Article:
By: Sean Cartell
SEC Digital Network
LEXINGTON, Ky. – Never give up.
When Alex Musialek was growing up in Dax, France, his father, Herve, instilled that lesson in his son’s mind again and again. It didn’t matter what the odds were, what your circumstances were, you had to keep going and you had to believe you could overcome.
It’s a lesson that Musialek has passed on to his Kentucky teammates in motivating them to achieve their goals. He is one of two captains on this year’s squad along with Eric Quigley, and the two are determined to lead their team to new heights.
“That’s the way I was educated from my dad back home,” Musialek said. “I was taught that I would never give up on the court, even if I had lost the first set and was down in the second. That’s what we’re trying to do with the team to help them out. Eric and I are the captains, so we’re trying to help out our teammates on the court tennis-wise and school-wise.”
Kentucky head coach Dennis Emery, who is in his 30th year leading the Wildcats, said that Musialek’s determined attitude and strong leadership have paid dividends on the court. His pupil thrives on pressure and embraces the opportunity to come through in the clutch.
“Alex is the emotional leader of the team and he really likes being on the center stage and for the win to come down to his court,” Emery said. “That confidence really helps the other players to know that there is someone who is really confident and comfortable fighting for them in tough situations. Alex has won a lot of clutch matches for us in the past and the key is that he believes that he is going to win more of those matches in the future.”
Musialek was squarely focused on tennis and with good reason – as a prep, he was rated as one of the top-10 junior players in France, where he was coached by his father with the French Tennis Federation.
But equally important to the elder Musialek was education. His son had been a French Baccalaureat honor student and Herve Musialek was determined that his son would attend college and receive a quality education.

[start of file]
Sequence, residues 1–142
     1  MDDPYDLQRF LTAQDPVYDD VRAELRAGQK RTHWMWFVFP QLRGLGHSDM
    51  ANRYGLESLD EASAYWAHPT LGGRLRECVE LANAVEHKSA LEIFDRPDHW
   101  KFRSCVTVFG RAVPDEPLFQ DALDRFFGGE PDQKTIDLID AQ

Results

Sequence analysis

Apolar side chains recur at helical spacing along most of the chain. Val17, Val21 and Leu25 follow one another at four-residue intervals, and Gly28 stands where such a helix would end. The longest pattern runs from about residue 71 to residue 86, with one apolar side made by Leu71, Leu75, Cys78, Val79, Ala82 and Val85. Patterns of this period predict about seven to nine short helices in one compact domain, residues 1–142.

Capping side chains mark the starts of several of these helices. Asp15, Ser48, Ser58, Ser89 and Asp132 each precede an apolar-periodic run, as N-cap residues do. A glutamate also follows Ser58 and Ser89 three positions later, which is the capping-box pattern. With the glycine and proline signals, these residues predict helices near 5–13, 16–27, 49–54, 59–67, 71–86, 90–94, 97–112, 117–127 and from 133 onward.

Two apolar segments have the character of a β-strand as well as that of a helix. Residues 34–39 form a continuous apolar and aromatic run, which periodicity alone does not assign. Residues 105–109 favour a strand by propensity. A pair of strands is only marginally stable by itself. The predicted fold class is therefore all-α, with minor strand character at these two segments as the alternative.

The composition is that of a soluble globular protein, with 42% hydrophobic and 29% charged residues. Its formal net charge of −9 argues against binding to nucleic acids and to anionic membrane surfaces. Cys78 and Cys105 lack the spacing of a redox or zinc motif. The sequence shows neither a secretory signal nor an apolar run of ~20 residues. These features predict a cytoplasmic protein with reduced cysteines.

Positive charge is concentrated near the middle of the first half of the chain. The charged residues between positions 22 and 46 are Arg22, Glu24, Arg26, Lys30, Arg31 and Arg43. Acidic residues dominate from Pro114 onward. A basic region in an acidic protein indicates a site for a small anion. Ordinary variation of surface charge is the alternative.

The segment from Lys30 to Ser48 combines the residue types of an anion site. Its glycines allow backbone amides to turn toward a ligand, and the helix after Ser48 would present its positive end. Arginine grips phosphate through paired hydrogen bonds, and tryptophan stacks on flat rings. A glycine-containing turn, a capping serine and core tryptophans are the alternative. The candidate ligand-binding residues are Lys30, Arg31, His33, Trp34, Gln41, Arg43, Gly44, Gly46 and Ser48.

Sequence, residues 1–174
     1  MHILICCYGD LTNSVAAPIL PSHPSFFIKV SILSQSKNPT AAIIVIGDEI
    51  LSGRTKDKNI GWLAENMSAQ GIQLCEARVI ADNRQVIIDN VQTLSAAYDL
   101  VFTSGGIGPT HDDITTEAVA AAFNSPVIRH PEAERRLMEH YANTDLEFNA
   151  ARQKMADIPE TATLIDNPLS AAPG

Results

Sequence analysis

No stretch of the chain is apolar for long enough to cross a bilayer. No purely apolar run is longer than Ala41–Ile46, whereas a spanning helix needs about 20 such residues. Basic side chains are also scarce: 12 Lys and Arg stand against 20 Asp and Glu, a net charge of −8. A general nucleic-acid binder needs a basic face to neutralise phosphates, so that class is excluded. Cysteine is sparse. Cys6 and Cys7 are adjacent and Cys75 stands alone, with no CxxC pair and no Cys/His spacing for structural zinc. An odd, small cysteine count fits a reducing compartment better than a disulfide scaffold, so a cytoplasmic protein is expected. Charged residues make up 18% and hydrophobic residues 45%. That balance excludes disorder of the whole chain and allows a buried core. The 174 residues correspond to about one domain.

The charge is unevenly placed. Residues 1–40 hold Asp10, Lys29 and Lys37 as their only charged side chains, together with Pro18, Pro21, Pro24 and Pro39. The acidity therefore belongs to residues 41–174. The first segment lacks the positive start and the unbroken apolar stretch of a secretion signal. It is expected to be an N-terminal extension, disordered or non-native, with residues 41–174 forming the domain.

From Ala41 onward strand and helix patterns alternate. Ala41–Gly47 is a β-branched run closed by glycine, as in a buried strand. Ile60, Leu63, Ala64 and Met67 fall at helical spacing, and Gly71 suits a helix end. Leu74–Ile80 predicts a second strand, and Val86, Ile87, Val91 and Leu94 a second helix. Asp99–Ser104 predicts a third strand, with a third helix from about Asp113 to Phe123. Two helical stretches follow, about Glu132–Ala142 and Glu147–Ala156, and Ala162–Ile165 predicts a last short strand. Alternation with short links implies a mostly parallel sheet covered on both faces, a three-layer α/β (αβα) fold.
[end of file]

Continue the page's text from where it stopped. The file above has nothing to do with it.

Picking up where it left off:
“I always wanted to go pro, but when I was done with high school, my dad gave me two options,” Musialek said. “He told me that I could either come to the U.S. to study and play tennis, or I could say home, but I couldn’t play because the system is really different there.”
Enter Cedric Kauffmann, Kentucky’s associate head coach who hails from Montsoult, France. A three-time All-America performer for the Wildcats from 1996-98, Kauffmann had played five years on the ATP Tour and had appeared in the French Open.
“I really decided on Kentucky because Cedric Kauffmann recruited me,” Musialek said. “He came all the way to France to meet me and that was a really big step.”
Even though Musialek felt at home in the Bluegrass and having a fellow countryman as one of his coaches eased the transition, the fact remained that Lexington, Ky., was a long way from home.
He missed his home and he struggled with the language.
“My transition was a little tough,” admitted Musialek. “I didn’t have anybody on the team to talk to. Cedric did a great job and was really here for me my freshman year when I was sad or homesick. The English part was pretty tough because when I got here, I could barely speak English. He tried to help me as much as he could with English and also teaching me about how things work over here with culture.”
The first year may have been tough, but Musialek has continued to grow as both a person and a tennis player during his time with the Wildcats. Emery has noticed the transformation and has noted that his pupil has become an extraordinary leader.
“When Alex came in here a few years back, he wasn’t nearly as mature on the court as he is now,” Emery said. “One of the great things about college tennis is that it really puts you in a lot of adverse conditions and he has really had to learn how to handle himself in those situations. I knew he would be a good captain for us because of how well he and Eric Quigley get along and complement each other.”
Not only is he just a leader on the team, he is also a role model to Tom Jomby and Anthony Rossi, two fellow Frenchmen who have since joined the team. He knew clearly what the transition was like and has tried to be as helpful as possible to the duo.